Paul Ryan claims to care about poor people. During a speech at a conservative conference, he said Democrats support school lunch programs so children can have “full bellies and empty souls.” Disgusting. How can anyone talk about poor children in such a callous way? I understand that Ryan and his fellow conservatives believe that the state should not provide a safety net. While I disagree with that belief, it is not the same thing as claiming that state programs empty our souls. The last time I checked good Pope Francis was teaching Jesus’ message to care for the poor. Ryan must understand the message to be that Jesus wants us to cut food programs for children – in the name of saving their souls.
Paul Krugman discusses this story in a much more intelligent way. I’m too livid to try to be rational about this. Over 20% of the children in America live in poverty. Most of the nutrition they receive comes when they are at school. Save their souls – and transfer the money to billionaires and corporations. That’s true morality.
A report in Common Dreams examines a survey of economists about the impact of inequality in the U.S. Economists across all political ideologies agree that pushing money to the top earners limits the ability of those in the middle and working class to spend. The report cites Paul Krugman, who writes: “On average, Americans remain a lot poorer today than they were before the economic crisis. For the bottom 90 percent of families, this impoverishment reflects both a shrinking economic pie and a declining share of that pie.”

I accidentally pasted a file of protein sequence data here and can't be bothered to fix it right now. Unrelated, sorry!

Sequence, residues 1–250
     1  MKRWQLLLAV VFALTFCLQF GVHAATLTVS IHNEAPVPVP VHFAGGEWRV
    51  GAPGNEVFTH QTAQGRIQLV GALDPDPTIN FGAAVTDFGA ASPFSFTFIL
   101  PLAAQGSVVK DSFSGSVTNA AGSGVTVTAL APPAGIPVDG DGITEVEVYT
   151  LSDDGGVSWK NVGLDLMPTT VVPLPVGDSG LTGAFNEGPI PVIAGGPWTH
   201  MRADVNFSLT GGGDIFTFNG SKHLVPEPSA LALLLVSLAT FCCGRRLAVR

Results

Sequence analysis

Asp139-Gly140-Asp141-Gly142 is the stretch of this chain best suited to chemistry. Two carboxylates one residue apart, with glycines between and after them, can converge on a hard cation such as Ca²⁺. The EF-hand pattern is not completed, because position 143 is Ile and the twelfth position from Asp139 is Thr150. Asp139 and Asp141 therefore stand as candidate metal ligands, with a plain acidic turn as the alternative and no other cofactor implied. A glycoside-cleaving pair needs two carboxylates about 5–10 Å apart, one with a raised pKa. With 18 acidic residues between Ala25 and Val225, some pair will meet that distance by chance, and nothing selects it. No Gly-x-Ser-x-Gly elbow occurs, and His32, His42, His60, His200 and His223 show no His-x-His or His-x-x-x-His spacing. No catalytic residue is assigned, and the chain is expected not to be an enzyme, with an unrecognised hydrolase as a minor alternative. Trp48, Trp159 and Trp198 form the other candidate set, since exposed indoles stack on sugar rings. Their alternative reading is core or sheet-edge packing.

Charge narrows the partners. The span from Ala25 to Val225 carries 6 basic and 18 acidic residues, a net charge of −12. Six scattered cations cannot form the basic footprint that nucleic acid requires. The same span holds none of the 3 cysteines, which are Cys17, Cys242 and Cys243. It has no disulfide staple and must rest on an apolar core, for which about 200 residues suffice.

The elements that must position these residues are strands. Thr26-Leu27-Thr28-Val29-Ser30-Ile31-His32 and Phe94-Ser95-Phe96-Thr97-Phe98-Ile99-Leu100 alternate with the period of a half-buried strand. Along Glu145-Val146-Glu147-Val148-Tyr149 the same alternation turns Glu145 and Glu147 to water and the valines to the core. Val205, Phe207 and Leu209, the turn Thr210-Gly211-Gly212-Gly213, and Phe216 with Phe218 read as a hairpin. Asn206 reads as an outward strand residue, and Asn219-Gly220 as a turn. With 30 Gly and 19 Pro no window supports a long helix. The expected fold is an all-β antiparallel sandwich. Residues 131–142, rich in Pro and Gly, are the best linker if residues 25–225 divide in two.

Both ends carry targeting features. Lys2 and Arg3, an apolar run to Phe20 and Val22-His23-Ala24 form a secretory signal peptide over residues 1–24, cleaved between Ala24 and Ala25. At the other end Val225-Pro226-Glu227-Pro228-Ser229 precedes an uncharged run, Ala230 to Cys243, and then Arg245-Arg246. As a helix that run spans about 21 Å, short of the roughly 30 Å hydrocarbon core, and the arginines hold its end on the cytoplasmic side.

Economists agree that inequality is a problem. Too many politicians, however, fear the charge of “class warfare” and ignore this problem. They are also ignoring that wealth has been redistributed for the last three decades. It has been taken from the many and given to the few. This issue should concern everyone who works for a living.
Lately I’ve been blogging about the disparity of wealth in the U.S. However, it’s a worldwide problem that had its best framing from an unusual source: Pope Francis. Since taking over from Pope Benedict, Francis has surprised many of us by speaking out in defense of poor and working people. This past Sunday, he put the problem in theological terms.
Speaking to unemployed miners in Sardina, the Pope put aside prepared remarks and spoke his heart. He said, “If there is no work, there is no dignity.” He challenged a world economic system that replaced God with an idol: money. The Pope then prayed to God to “give us work and teach us to fight for work.” Those words are powerful, especially in a world were workers are treated more and more as disposable commodities.
At what point is too much wealth too much and too much poverty too much? Pope Francis sees a world of haves and have not, and he is calling for change. May his voice – and his prayers – be heard.